LETTERS TO THE EDITOR
" LIBERALS UNDAUNTED "
Sm,—Lt.-Col. Byers, in his article "Liberals Undaunted " m your April 5th issue, expressed welcome optimism regarding prospects of a Liberal revival. Much depends on the size of the "L." Most people would agree that liberal views are held by a far larger number of electors than actually voted for Liberal candidates in the last election. It is not open to liberal-minded folk to produce an E.A.M. alibi, for most of them consider it a civic duty to cast their vote. I know of many, however, who voted to keep one or other of the two more powerful parties out. The effect that liberal views, as so admirably expressed by Lt.-Col. Byers, in fact have on politics in this country can hardly be over-estimated. They are, indeed, the principles on which the British electorate judges—in so far as it is guided by principle and not by vested interests, whether of capital or labour. But does this justify the existence of a separate party claim- ing to act on those principles? And can such a party survive? I believe the answer is " Yes," but not quite on the terms stated in " Liberals Undaunted."
Lt.-Col. Byers asserts that Liberals "can never seek the backing of vested interests." Has he forgotten that Liberals were once the big- business party? Or does he merely mean that the Liberal Party must never compromise on principles with a vested interest? Does he really think that no " vested interest " can ever be Liberal? Is it not open to doubt whether any great party can survive without the support of some vested interests? Is it not at least open to question whether people with vested interests are always guided by them rather than by the interests of the nation? Indeed, whatever the Left may affect to think, it can rarely be known in any given case to what extent men are influenced by their private interests rather than by their conception of " the best interests of the whole community." Frankly, it will not do to imply that, because a person is not a member of the Liberal Party or because he has a " vested interest," he cannot be relied upon to uphold Liberal principles. Surely such mistrust in a liberal-minded person is unworthy—perhaps a trifle self-righteous.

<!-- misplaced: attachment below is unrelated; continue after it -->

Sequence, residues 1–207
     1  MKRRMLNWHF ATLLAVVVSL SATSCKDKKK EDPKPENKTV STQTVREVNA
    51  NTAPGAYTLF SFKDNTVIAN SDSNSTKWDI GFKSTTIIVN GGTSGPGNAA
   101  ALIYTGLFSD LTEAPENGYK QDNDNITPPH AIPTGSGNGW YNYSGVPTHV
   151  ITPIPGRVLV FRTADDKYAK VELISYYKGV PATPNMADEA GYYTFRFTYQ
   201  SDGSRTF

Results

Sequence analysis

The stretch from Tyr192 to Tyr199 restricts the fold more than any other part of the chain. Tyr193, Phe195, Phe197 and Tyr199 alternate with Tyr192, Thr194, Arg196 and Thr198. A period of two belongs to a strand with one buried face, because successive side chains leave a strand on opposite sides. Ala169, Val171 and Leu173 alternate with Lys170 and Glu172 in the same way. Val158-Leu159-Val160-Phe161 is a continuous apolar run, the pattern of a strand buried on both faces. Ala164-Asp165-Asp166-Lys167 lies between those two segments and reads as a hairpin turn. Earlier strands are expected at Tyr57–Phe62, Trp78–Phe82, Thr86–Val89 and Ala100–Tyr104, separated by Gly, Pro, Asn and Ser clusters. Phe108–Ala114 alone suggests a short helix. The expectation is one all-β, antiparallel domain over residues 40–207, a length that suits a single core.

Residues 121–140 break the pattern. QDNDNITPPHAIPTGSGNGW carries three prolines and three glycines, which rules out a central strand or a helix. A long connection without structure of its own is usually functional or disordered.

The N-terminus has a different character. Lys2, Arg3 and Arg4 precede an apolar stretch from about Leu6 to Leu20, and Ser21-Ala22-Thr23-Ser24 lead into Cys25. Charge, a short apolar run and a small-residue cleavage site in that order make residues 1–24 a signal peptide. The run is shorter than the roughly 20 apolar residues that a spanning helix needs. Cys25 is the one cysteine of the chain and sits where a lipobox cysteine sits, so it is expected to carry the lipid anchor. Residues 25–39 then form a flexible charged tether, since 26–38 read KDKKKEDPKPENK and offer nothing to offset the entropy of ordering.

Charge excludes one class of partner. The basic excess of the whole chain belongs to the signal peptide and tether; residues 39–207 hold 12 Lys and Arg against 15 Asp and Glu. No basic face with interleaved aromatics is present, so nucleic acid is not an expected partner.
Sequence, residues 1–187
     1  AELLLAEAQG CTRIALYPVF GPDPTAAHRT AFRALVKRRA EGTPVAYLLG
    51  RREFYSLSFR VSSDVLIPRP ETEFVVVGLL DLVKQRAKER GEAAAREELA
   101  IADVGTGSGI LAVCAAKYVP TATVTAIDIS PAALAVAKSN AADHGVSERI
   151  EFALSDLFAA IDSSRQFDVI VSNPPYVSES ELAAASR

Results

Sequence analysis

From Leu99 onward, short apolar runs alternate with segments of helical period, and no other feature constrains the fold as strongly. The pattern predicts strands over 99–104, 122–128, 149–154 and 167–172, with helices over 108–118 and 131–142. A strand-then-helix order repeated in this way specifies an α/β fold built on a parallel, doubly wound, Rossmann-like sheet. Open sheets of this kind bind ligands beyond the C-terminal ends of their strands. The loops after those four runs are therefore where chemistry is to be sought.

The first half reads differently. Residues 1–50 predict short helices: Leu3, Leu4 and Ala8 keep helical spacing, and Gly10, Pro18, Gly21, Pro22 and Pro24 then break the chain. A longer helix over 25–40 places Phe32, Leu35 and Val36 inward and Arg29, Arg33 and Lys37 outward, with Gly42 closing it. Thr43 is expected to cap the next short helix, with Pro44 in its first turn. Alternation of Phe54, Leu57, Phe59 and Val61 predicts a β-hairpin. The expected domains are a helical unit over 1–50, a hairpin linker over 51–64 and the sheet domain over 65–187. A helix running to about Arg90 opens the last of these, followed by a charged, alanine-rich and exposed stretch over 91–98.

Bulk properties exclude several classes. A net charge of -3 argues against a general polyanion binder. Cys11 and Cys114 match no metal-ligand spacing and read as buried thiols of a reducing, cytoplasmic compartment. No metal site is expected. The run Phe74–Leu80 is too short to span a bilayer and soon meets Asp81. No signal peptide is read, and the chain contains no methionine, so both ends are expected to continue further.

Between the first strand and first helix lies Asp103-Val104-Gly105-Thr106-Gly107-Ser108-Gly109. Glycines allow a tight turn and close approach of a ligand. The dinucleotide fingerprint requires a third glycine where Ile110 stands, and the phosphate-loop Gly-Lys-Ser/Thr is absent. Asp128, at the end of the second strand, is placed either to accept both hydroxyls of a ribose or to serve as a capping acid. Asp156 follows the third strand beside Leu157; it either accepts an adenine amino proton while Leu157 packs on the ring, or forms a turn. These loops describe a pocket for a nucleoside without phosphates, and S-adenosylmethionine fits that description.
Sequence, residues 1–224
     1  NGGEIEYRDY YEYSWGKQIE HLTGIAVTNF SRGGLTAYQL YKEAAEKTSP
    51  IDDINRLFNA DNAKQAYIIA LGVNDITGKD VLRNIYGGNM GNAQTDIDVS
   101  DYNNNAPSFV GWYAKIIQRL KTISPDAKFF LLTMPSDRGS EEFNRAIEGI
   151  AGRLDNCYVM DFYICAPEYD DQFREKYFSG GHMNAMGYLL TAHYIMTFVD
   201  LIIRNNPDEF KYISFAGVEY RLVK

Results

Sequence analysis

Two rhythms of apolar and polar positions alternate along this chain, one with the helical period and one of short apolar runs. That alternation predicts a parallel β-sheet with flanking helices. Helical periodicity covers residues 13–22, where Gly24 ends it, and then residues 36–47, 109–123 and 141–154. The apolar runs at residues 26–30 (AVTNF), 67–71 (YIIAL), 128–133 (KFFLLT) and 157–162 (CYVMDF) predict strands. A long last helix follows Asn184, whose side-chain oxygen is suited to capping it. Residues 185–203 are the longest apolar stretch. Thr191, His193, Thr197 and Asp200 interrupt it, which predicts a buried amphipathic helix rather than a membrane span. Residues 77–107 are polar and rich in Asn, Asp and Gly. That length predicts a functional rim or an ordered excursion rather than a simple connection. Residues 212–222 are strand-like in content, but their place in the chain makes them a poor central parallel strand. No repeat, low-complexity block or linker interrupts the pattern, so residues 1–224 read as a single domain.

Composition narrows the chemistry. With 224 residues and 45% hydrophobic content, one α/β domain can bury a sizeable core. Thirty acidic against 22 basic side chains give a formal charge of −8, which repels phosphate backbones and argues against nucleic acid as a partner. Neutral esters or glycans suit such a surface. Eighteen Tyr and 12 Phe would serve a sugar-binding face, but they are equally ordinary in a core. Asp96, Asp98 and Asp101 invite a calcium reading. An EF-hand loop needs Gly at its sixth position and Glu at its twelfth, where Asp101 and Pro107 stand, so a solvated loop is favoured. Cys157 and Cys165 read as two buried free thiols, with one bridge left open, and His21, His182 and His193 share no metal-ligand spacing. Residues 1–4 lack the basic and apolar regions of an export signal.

The truth is that the maintenance of the thiie principles enunciated by Lt.-Col. Byers is in itself a " vested interest " of a desirable. kind. On that " vested interest " is founded the belief that there is room for a party willing to put principles first. Even so, will the members of that party always agree on the principle to apply where principles conflict (as they often do), or on the practical application of a principle in a given case? And in consequence must there not always be a large measure of com- promise? If a man is not prepared to compromise, surely he must belong to no party. He must be an Independent. Lt.-Col. Byers' solution—a strong central organisation of Liberal "notables" which will work out the party policy in accordance with liberal principles—implicitly recog- nises a community of interest in the maintenance of these principles. The degree to which the Liberal Party will succeed depends, however, on three things—(5) on this recognition by liberal-minded folk in general, (2) on the policy devised, (3) on the "notability" of the party chiefs and their ability to appeal not only to the judgement but to the imagination of the public.
After all, what an electorate votes for is a Government rather than a party—a group of men whom it knows and trusts to conduct its affairs. Owing to election disasters, there are not many Liberal M.P.s today who are well known in the country ; and there are hardly enough all told, including peers and Independents, to form a Government! The first step in the right direction would be for all Liberals to unite. A Parlia- mentary party of 25 would command many times the respect in the country and in Parliament than either of the two branches separately enjoys and might easily attract recruits. I believe Liberals are agreed on principles. Are they prepared to compromise on a common policy—a policy which shall be liberal, though not necessarily wholly distinctive?—